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Killer moving near Sierra High?

Residents uneasy about mentally unstable parolee

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Killer moving near Sierra High?

The halfway house is within walking distance of Sierra High.

RYAN BALBUENA/The Bulletin


POSTED August 8, 2013 1:55 a.m.

Ronald Benjamin Toppila wasn’t a Manteca resident when he stabbed and beat his mother to death in 2004.

But if a Sacramento Superior Court judge gives his blessing, the 72-year-old – who has been confined at the Napa State Hospital since 2006 when a jury found him not guilty of the crime by reason of insanity – could end up in a transitional care facility within walking distance of Sierra High School.

Last week a representative from the Central Valley Conditional Release Program testified in open court that preparations were already being made that would send Toppila to the Northstar Program facility at 401 S. Airport Way if Judge David W. Abbott determines that he’s eligible to be released.

A decision could come by the end of this week.

When the complex – an unlocked facility that can serve up to 16 people – first opened it was outside of Manteca’s city limits. But development in the area and the construction of nearby Brock Elliott Elementary School as well as Sierra High School makes some residents uneasy about the prospect of having a mentally unstable man accused of a heinous crime free to roam the streets. The Big League Dreams sports complex and the Stadium Retail Center are also within walking distance.

“If he isn’t from here, I don’t know why they would send him here,” Rhonda Ellerbee said. “I understand that people need places to go, but why not just send him back to Sacramento where he’s likely going to end up anyway? These are serious things that we’re talking about here.”

According to Manteca Police Lieutenant Tony Souza, the department is routinely apprised of when the program receives new intakes and takes special precautions to protect the general public and residents in the general area.

The idea behind the facility, he said, is to provide those with mental health issues that are released from state institutions the opportunity to once again assimilate into society, and more often than not the inpatient programs keep a tight lid on those that living under their roof.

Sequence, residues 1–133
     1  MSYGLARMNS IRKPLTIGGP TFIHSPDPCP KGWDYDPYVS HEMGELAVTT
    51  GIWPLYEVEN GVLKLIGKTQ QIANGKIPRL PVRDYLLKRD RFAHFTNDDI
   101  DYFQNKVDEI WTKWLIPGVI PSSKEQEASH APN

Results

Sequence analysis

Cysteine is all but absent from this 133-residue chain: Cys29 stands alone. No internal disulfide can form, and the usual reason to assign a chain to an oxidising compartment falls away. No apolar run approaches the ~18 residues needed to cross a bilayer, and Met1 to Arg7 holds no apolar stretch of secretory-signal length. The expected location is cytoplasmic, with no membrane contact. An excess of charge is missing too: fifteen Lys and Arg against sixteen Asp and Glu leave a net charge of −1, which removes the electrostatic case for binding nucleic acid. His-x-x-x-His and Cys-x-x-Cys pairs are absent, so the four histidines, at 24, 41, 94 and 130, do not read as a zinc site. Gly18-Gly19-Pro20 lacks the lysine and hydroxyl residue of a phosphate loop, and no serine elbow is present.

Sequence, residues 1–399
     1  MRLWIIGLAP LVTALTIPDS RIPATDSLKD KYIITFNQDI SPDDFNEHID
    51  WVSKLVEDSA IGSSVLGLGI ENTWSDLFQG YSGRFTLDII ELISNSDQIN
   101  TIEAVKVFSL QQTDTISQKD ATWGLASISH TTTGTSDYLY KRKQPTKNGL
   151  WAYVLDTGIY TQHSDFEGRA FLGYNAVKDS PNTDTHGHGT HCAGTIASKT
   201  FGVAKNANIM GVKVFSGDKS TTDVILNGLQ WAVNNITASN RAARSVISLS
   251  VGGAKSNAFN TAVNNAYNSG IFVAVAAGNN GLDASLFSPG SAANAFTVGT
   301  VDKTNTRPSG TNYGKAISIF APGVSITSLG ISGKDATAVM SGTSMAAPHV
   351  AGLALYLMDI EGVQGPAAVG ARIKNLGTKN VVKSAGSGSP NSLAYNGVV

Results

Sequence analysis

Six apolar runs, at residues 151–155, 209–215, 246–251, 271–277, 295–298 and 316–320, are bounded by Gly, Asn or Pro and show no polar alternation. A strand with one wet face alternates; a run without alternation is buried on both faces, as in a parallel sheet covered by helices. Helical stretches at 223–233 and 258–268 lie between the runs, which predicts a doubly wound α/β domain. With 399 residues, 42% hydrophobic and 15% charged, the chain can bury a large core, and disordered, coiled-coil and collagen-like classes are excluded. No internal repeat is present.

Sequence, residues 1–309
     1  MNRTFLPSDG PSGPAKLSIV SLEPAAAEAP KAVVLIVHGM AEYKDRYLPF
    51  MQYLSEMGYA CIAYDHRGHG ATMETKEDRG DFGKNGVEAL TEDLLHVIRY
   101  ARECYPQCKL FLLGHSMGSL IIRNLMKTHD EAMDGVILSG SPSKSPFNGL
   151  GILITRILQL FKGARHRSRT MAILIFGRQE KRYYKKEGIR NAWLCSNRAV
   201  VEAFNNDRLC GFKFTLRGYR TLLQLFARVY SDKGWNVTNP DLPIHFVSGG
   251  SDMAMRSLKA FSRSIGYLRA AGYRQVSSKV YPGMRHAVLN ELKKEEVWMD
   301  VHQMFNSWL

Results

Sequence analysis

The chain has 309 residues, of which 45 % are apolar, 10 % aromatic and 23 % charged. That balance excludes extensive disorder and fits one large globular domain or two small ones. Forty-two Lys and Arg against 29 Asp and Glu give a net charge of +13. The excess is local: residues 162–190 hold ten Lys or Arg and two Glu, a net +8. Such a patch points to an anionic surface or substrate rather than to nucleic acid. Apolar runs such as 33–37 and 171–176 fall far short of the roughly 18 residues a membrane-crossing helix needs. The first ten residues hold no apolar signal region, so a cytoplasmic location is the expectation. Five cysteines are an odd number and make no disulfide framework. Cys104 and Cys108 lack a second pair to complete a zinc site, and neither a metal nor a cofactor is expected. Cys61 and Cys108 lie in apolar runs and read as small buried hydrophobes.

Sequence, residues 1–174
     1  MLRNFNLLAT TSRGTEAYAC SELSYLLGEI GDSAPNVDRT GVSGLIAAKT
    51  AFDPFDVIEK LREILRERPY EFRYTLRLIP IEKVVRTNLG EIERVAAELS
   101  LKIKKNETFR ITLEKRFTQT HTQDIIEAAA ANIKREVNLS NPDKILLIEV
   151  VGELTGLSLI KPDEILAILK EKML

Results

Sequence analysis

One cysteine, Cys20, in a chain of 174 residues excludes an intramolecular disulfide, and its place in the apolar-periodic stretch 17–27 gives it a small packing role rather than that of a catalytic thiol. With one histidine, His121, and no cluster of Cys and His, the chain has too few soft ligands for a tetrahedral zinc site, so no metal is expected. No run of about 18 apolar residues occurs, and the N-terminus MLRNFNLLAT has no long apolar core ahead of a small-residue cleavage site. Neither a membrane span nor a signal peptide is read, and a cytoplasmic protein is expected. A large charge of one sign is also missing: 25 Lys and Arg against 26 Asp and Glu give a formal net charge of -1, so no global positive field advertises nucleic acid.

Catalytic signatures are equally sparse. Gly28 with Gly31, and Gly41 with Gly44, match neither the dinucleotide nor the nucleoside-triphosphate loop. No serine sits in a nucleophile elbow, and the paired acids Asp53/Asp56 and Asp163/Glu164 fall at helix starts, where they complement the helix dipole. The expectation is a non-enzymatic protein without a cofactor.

But the program and its facility hasn’t been without its share of violent outbreaks. 

In 2007 a man originally from San Francisco was charged with murder after stabbing another resident in the building’s back bedroom. Raymond Lee, 63, was initially accused of stabbing a 52-year-old housemate Mark Alan Wade. He had been transferred to the facility from Napa State Hospital after attempted murder and assault charges were dropped in his hometown, and was incarcerated the same year that Toppila reportedly slashed, stabbed and beat his 86-year-old mother to death.

Despite Lee’s struggles with mental health, he was ordered by a San Joaquin County judge to stand trial for the murder, and is currently a California Department of Corrections and Rehabilitation Inmate. 

Victor Martins said he isn’t a fan of having a facility like that anywhere near where children attend school and walk to and from their houses. Specialized facilities that offer transitional living programs like the ones that Northstar provides, he said, are necessary, but it makes him nervous thinking that the person he passes on the street could be a murderer.

“A lot of times we don’t know about these things – especially when it’s somebody that’s coming from outside of the county,” he said. “I think that residents should be notified about the types of people that are living in their neighborhood. Should they be given a chance to rehabilitate? Sure. But do you really want to take those kinds of chances when it’s your family?”

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